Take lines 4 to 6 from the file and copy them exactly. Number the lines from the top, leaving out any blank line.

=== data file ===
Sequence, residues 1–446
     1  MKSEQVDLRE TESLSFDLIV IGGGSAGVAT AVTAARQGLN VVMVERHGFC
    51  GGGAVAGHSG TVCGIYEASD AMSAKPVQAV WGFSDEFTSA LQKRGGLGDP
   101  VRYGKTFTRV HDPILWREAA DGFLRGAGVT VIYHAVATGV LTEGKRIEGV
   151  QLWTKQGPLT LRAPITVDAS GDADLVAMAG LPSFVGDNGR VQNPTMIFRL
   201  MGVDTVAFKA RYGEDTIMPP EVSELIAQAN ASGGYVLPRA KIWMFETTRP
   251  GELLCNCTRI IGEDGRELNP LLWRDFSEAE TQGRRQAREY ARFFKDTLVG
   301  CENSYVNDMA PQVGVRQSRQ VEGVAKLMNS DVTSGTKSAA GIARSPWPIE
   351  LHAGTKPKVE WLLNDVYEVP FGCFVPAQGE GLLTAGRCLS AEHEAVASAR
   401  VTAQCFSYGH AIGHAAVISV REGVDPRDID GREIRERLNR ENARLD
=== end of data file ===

   101  VRYGKTFTRV HDPILWREAA DGFLRGAGVT VIYHAVATGV LTEGKRIEGV
   151  QLWTKQGPLT LRAPITVDAS GDADLVAMAG LPSFVGDNGR VQNPTMIFRL
   201  MGVDTVAFKA RYGEDTIMPP EVSELIAQAN ASGGYVLPRA KIWMFETTRP